National Geographic : 1984 Mar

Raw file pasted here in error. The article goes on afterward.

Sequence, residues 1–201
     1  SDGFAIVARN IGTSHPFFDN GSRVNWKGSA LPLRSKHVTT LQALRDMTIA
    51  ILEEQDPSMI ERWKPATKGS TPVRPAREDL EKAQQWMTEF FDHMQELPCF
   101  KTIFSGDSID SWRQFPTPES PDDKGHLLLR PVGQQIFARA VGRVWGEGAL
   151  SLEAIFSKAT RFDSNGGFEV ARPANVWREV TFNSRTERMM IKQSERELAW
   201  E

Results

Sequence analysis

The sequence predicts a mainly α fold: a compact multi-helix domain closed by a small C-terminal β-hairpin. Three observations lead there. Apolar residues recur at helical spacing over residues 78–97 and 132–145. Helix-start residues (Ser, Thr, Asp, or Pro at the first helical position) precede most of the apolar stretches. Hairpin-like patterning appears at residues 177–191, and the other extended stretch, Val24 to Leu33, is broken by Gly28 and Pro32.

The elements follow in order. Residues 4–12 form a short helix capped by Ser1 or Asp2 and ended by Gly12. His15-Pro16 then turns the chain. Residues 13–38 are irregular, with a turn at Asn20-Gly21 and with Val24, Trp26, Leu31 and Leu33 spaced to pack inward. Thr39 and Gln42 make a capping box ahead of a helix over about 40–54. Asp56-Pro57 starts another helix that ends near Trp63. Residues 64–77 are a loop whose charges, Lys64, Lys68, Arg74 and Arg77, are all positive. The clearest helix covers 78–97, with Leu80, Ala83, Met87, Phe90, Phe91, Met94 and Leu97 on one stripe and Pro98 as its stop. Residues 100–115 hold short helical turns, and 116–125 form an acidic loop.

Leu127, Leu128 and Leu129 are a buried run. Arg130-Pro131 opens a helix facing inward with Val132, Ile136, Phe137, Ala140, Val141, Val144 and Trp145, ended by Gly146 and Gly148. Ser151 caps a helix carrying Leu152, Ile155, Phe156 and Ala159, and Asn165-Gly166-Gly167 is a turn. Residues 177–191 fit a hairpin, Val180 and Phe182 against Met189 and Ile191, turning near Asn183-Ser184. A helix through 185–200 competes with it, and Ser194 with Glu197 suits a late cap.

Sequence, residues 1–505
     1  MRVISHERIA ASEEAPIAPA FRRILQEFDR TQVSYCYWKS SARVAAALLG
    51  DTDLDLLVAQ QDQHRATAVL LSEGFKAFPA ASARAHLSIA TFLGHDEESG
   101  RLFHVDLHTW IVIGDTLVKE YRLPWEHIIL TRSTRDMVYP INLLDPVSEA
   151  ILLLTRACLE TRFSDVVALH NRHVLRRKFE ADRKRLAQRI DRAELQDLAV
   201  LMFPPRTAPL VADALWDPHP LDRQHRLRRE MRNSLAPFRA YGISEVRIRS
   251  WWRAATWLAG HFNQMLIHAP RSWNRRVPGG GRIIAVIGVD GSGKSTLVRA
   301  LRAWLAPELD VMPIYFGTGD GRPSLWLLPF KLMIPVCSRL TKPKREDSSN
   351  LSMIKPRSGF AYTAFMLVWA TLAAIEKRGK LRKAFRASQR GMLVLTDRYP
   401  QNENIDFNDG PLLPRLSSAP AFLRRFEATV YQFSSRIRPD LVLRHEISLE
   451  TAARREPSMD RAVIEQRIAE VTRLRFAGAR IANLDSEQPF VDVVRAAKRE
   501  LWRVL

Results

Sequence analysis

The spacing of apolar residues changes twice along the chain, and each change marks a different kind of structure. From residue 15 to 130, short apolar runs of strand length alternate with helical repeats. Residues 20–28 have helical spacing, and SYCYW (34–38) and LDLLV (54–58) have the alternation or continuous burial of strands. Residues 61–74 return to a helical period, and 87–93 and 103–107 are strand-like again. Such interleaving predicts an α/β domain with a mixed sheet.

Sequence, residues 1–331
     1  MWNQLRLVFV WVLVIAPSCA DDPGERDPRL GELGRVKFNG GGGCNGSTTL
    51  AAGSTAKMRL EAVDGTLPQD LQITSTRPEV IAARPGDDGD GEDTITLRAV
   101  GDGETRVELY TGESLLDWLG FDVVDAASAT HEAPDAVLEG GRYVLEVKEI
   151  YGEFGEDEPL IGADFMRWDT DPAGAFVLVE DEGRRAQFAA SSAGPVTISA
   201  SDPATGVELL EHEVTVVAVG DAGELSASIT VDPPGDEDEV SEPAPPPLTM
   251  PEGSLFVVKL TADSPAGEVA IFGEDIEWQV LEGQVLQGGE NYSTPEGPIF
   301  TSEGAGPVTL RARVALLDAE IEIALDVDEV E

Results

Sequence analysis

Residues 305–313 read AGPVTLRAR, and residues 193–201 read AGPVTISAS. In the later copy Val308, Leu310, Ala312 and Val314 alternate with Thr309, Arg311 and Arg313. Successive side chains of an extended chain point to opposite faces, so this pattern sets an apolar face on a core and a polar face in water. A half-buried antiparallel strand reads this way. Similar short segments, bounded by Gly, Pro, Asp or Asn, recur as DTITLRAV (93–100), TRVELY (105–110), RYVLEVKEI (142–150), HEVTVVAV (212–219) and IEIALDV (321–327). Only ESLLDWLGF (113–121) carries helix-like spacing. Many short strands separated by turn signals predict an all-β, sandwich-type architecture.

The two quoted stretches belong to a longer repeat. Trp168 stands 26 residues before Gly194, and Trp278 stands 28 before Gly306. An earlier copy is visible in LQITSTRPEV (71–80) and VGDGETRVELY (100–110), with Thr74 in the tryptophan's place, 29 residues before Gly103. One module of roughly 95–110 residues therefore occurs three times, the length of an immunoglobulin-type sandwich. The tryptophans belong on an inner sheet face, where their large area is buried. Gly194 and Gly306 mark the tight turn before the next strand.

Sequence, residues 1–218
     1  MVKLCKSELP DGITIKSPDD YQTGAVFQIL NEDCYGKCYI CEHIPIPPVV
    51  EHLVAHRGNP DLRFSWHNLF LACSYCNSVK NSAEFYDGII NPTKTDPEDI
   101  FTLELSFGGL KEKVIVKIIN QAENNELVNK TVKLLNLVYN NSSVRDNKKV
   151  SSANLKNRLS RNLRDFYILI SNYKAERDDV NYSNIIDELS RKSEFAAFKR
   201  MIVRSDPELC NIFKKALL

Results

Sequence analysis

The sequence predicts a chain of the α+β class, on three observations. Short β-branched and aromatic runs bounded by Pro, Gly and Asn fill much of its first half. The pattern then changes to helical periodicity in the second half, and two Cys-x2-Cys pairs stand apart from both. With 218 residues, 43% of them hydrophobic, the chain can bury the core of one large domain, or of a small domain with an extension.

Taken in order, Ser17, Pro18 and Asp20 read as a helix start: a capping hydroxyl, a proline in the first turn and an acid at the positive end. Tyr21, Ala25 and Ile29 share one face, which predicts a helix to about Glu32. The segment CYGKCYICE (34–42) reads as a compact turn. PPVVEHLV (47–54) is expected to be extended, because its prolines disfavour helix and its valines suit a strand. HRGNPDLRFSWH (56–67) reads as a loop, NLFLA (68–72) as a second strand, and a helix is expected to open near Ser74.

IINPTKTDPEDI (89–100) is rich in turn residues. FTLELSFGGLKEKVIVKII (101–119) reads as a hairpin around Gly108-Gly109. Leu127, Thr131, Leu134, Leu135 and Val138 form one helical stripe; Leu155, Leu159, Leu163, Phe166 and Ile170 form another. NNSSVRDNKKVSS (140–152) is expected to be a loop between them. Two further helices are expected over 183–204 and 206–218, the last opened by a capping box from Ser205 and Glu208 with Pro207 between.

On Assignment HE HARDLY LOOKS THE AGE to be an old China hand, but a decade has passed since Wong How-Man first journeyed to the People's Republic. The difference now? "You can sense the increase in relaxation with the first steps you take in the country," he says. The Hong Kong native earned a journalism degree in 1973 from the University of Wisconsin at River Falls. After returning home and making brief trips into China, whet ting his appetite for the country, he married a Chinese-American and moved to Los Angeles. But his interest in China, and particularly in her ethnic minorities, persisted. In 1982 Mr. Wong and two Chinese drivers set out in a four-wheel-drive vehicle to challenge remote, precipitous country better suited to yaks' hooves than tires. In six months of travel despite an overheating radiator, dead batter ies, and occasionally getting stuck in the mud-Wong visited numerous ethnic groups like the Tu (right) of eastern Qinghai Prov ince. They fed him sumptuously, but his camp meals suffered from the lack of a pressure cooker. "At high altitudes I could only heat water to about 80°C [176°F], so my rice was only half-cooked," he explains. In the chilly hills of Guizhou Province, Wong photographs a woman of the Ge people dressing formally in his honor (below). Like many peoples, the Ge are classed by the Chi nese government as a subgroup of another mi nority, the Miao, although the Ge hope for full minority status someday. The touchiest issue, Wong found, concerns China's international border areas. "Where a people overlap a border, they will feel much closer to each other culturally than to faraway governments," he notes. "But I believe the au thorities are earnestly trying to allow these peoples autonomy. China may be backward in some ways, but not in minority policy."